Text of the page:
Officials at the Michigan, Virginia, Connecticut, New Jersey and Texas lotteries contacted for this story did not respond or declined to discuss their marketing campaigns. David Gale, executive director of the North American Association of State and Provincial Lotteries, referred questions about industry practices to the state lottery agencies.

Opponents of the Texas lottery have long raised concerns about the impact advertising can have on economically disadvantaged residents.

They won a provision in the 199 law that created the Texas Lottery, banning advertisements or promotions “of a nature that unduly influences any person to purchase a lottery ticket.”
But efforts to enforce that provision have faltered. A bill to prohibit the lottery from advertising in counties with a per-capita income below 150% of the poverty line and another to ensure advertising didn’t target any specific demographic both failed.

The Howard Center’s analysis, based on 2020 data, found that census tracts in Texas with lottery retailers, like the one where Constancia buys his tickets, had larger Hispanic populations and higher poverty levels. And the lottery’s own 2020 study found Hispanic players outspent players belonging to any other demographic group on lottery games by 30%.

The Texas Lottery Commission, the agency that oversees the lottery, has adopted some safeguards. Its advertising “sensitivity” policies require marketing agencies to design campaigns that do not “exploit a person, specific group or economic class.”

Yet the commision has made its scratch-off Texas Loteria games the centerpiece of a four-year, $3 million marketing campaign to boost its brand and sales with a special emphasis on “ethnic markets,” according to documents obtained through a records request.

The lottery originally introduced them as $3, $5 and $10 scratch offs. But beginning in 2018, it added two $20 Loteria games and most recently, a $50 version — one of the most expensive games in the Texas market today.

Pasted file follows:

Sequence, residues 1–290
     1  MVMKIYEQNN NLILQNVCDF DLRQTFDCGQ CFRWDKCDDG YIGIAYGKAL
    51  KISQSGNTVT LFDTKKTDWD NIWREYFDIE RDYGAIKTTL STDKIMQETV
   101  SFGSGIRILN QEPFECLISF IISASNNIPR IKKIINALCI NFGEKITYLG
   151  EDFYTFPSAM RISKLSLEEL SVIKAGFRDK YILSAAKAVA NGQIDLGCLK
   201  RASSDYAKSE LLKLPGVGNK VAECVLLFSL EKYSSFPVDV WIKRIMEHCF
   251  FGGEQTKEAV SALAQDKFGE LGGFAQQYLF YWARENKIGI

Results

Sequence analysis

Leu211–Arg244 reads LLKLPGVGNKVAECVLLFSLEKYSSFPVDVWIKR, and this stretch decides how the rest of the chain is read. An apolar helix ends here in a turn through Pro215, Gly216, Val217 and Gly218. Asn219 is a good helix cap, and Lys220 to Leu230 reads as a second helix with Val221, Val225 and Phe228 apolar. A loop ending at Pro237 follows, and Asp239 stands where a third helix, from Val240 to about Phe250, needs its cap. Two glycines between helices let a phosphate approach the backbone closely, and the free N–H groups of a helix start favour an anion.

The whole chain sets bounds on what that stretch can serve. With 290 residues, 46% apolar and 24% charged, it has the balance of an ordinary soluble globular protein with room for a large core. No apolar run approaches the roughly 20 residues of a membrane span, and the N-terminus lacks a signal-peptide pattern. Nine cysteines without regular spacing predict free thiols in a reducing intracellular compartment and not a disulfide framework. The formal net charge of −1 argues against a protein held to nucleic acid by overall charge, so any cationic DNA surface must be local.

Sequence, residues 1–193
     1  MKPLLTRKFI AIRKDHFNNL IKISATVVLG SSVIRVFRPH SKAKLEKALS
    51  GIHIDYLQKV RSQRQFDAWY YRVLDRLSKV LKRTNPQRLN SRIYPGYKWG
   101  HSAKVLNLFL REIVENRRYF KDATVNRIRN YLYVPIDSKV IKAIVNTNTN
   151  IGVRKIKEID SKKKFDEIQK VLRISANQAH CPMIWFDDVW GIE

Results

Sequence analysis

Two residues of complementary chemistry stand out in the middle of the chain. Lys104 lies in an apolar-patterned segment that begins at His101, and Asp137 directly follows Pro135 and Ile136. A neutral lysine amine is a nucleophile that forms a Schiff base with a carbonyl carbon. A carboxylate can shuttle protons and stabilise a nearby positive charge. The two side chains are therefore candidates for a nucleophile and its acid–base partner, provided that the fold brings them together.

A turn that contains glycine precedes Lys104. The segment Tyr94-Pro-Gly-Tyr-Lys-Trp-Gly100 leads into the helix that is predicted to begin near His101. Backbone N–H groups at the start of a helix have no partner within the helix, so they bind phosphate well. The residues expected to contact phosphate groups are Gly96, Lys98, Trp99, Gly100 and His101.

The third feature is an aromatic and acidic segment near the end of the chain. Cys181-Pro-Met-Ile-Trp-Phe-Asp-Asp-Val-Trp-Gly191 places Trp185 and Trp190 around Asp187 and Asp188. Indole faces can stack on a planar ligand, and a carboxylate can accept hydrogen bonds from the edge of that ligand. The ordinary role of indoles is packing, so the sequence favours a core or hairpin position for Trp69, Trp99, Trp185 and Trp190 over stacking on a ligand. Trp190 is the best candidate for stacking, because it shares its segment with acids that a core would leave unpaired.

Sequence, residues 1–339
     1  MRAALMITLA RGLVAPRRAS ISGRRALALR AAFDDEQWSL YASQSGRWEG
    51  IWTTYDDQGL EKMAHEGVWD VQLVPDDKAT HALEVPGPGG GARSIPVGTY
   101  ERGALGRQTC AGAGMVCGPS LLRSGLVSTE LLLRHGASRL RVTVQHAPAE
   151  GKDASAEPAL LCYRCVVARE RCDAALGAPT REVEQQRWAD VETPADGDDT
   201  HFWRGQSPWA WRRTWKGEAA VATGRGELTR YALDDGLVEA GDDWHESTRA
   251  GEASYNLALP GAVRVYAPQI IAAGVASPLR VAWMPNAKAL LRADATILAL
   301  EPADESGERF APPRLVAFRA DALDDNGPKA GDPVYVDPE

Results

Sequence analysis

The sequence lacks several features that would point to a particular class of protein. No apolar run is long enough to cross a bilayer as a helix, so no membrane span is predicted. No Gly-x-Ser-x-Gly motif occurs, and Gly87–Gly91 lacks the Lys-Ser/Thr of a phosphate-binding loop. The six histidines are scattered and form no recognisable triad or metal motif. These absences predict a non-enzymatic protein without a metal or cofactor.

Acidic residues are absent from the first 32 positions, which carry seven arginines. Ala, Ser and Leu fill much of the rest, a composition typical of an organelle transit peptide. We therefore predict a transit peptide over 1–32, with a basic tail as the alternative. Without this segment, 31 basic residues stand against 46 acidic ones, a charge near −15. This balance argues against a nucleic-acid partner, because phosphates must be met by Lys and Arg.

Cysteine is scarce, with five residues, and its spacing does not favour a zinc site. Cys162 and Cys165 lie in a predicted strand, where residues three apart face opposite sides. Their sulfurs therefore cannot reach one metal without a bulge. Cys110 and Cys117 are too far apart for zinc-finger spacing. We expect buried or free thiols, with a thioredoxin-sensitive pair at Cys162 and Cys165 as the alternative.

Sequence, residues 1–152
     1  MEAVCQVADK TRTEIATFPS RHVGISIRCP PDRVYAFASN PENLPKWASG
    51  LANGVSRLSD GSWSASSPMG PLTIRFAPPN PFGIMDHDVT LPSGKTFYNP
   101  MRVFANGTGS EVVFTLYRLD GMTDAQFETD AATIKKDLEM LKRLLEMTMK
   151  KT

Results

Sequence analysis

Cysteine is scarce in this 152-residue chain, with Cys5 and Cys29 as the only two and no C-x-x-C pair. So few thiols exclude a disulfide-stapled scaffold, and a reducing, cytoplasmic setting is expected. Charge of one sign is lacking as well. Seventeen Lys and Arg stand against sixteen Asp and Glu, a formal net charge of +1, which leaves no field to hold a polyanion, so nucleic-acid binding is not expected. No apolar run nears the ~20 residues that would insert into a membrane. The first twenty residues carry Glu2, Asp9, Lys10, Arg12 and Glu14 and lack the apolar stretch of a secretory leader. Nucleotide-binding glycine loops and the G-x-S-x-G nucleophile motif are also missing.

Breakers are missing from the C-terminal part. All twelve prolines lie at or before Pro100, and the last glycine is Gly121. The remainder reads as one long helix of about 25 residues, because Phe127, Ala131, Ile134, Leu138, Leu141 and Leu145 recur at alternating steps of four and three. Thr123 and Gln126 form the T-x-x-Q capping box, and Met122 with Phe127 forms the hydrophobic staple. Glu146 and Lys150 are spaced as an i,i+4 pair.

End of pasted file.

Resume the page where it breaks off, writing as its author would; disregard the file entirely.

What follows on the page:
LatinWorks Marketing LLC, a firm specializing in ad campaigns that tap into the growing Hispanic market, won the contract to promote sales. The company, now called Third Ear, proposed hiring a Hispanic and a non-Hispanic influencer to get around ad blockers and reach both groups.

In year one of the campaign, sales of Million Dollar Loteria, Mega Loteria and Super Loteria scratch-off tickets topped $540 million, contributing to a record $4.85 billion in scratch-off ticket sales, according to a 2021 Texas Lottery report.

In an email, a spokesperson said the “Texas Lottery declines to participate in this project, either by conducting an interview or answering written questions.”
Third Ear declined to discuss the advertising proposal designed for the Texas Lottery Commission.

“Per the agreements we have in place across all partners of the agency, we don’t discuss client business with third parties,” company Vice President Jaime González-Mir wrote in an email.

Vanessa Sánchez Pulla reported from Texas and Virginia. Shannon Clark reported from Maryland. Victoria Ifatusin reported from Texas. Zoe Pierce reported from Connecticut. Shreya Vuttaluru, Rachel Logan and Aadit Tambe did data reporting from Maryland. Katherine Seltzer, Alexandra Macia, Trisha Ahmed, Abigail Zimmardi and Lauren Mowry contributed.

This post was originally published on Howard Center for Investigative Journalism.